Unfortunately I did not bother to shoot a photo of the exterior of The Grove’s outlet in Yerba Buena, so this below capture from Google Street View that shows the location before they set up shop was the best I could do. Suffice it to say, its easy to find being just three blocks from the Montgomery Street BART station, and just a block from the San Francisco Museum of Modern Art. Next door is a coffee house and the general area is populated by numerous large hotel chains for the business and leisure traveler. After overpaying for some ridiculously priced hotel breakfast the previous day, we opted to drag our overworked behinds out onto the streets and by sure luck we found this place where things were more relaxed, both in terms of atmosphere and prices.
Something about the west coast lifestyle that pervades in this beautiful city must have impregnated itself in my mind for breakfast, as I was on the hunt for something nutritious and light. Coupled with a smooth tasting Americano, my order ended up being a simple plate of fresh ingredients, highlighted by two small poached eggs, two thick slices of grilled zucchini, and tomato bruschetta. Given the backup in the kitchen, a number sign was given to me and it was brought out to my table by a server in a few minutes time.
346-2 Ha-dong, Gyeongju City
North Gyeongsang Province, South Korea
After a morning spent outdoors in the sweltering summer heat taking in some live acrobatic performances and a long walk around the touristy Shilla Millenium Park, we headed back to the cooling comforts of our air conditioned car and sought out more places on my native host’s list of places to eat at. A simple search in the auto’s GPS device turned up another location that was not too far away and so off we went. Best known as a restaurant that specializes in dishes that contain beans (soybeans, peas, lentils, etc.), Kongerang was set just off the main road that passed by it. It was situated in an older looking, traditionally-built Korean country home.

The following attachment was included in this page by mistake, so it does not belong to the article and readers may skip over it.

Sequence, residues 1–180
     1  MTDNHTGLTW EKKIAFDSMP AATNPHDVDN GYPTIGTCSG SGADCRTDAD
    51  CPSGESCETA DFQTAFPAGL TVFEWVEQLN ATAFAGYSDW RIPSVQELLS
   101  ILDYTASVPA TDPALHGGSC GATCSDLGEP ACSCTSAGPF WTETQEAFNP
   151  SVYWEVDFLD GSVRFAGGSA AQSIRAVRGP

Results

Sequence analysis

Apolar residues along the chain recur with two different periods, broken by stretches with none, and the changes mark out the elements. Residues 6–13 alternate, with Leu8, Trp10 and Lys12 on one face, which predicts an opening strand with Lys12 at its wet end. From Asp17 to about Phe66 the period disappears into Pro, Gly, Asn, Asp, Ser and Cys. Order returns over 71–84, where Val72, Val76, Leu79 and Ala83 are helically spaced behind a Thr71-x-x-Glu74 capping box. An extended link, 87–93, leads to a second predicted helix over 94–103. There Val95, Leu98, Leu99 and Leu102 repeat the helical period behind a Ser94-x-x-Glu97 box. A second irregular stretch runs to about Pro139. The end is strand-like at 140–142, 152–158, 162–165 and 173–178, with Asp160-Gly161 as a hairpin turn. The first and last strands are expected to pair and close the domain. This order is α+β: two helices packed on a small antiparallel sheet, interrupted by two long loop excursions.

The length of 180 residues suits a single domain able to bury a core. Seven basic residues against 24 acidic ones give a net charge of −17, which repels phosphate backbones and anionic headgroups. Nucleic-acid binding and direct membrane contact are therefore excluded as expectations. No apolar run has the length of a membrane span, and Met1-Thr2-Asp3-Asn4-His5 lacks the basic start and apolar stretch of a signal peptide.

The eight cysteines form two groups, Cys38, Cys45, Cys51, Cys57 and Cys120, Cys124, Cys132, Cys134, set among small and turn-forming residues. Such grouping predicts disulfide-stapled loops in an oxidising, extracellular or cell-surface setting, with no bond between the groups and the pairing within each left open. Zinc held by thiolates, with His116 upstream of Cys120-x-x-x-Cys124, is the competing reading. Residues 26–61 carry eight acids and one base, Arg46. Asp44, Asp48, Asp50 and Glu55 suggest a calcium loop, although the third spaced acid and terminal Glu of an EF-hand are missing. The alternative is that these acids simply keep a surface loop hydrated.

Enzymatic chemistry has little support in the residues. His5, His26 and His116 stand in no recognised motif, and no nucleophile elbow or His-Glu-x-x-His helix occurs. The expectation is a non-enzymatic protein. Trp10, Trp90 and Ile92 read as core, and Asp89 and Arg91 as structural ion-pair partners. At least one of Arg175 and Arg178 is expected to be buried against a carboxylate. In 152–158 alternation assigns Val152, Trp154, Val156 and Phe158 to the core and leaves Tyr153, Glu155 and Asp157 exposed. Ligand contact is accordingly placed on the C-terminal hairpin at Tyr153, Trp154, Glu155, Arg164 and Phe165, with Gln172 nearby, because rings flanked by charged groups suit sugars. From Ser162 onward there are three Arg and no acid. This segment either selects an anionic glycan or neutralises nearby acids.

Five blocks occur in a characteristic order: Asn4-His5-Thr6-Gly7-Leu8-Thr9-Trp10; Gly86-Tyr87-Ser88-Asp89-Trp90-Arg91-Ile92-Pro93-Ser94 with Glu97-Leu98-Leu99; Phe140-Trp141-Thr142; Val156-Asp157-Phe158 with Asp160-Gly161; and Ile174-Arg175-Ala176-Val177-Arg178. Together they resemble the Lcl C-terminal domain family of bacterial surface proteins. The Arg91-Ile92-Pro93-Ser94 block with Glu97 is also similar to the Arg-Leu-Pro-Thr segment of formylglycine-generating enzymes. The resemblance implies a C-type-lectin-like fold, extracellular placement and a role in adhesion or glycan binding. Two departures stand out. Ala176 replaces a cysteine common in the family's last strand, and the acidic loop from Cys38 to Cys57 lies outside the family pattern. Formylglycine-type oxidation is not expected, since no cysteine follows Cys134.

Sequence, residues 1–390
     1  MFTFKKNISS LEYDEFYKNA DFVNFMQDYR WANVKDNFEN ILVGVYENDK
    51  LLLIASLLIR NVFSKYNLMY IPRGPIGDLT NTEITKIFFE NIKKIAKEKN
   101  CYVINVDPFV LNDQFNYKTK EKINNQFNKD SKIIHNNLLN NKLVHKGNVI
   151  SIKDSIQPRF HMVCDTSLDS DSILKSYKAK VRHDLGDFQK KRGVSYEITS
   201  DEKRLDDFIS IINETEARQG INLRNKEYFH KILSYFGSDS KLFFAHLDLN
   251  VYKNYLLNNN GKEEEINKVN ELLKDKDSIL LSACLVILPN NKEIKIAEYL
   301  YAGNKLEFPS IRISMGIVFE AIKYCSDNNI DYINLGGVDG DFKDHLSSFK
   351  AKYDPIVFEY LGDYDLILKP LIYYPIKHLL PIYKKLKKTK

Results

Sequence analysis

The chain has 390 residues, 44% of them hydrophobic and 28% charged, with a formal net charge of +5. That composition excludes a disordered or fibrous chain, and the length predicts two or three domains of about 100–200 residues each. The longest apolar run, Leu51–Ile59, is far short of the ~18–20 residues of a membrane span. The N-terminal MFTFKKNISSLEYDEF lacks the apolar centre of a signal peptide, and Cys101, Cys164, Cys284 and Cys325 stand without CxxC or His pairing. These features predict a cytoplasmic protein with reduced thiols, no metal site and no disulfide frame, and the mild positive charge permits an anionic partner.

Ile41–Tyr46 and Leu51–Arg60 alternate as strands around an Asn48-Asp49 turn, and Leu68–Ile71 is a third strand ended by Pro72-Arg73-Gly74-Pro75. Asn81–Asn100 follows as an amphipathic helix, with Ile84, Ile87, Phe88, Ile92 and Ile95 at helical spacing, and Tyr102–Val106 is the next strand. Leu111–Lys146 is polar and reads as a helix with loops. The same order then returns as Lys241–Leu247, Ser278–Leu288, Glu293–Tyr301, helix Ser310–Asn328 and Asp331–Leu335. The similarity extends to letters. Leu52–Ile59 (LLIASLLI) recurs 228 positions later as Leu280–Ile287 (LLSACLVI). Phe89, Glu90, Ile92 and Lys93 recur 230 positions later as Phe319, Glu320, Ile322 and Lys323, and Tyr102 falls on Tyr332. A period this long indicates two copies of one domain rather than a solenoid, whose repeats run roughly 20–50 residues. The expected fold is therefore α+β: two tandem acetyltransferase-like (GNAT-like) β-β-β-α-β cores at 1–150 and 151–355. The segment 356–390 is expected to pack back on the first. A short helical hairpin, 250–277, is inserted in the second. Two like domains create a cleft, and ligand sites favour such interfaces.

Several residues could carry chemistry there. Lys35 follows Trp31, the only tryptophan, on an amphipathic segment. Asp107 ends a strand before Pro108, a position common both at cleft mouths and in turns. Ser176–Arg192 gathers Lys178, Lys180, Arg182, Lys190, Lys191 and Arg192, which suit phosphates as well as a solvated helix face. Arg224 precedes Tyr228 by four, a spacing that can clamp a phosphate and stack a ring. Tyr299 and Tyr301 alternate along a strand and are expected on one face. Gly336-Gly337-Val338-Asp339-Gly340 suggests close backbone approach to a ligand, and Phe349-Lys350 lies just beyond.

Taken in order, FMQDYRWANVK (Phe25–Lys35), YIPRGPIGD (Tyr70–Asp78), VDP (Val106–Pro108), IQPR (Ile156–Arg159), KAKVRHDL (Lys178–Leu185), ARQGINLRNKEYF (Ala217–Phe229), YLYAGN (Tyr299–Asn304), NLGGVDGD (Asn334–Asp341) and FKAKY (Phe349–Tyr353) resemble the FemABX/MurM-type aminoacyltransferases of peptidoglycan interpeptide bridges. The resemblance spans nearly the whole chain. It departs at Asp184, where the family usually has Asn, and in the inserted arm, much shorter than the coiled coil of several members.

An ample parking lot was situated right on its parcel of land and it was full of cars! A young man (who’s job I would never want) was sitting on a folding chair on the side of the road and as we approached, he came to our driver side window and explained their parking system. Essentially, there were no open spots available now (and thus no unoccupied tables inside), but he was soon on his headset conversing with someone inside and gave us an estimated wait time of thirty minutes. He allowed us to park on the shoulder of the street, and as one car left the lot, we were permitted to move the car onto the rocky stone-lined parkade. This however did not mean our table was ready yet, but this place was prepared as they had a large tented (and air conditioned) area towards the back where other waiting patrons were patiently sitting. Later on, a voice came out over the speaker inside noting our number and we then proceeded into the building housing the restaurant where our freshly set table was waiting. A swift and efficient system!
153 Waterfront Street
Oxon Hill, MD
Mexican cuisine in Maryland you say? This chain of nine restaurants concentrated mainly on the east coast (with a lone western outpost in Los Angeles) was chosen among the limited within-walking-distance places to eat a late dinner by our traveling group after a long day. Coincidentally, the troop included a native Mexican, who we consulted about Rosa Mexicano. According to him, he had heard it was not Mexican food in the traditional sense, but had some dishes listed on the menu near the front door that he considered quite unorthodox and amused him enough to say, “let’s give it a try”! And so with that directive, we did just that…
This particular location was situated in a new development of commercial and residential buildings in National Harbour, and sat on the banks of the Potomac River – although the direct view was obscured from the outdoor backside deck where we were sat. Water taxis could be ridden back and forth across to the beautiful Old Town district of historic Alexandria, Virginia, making this area a prime piece of real estate.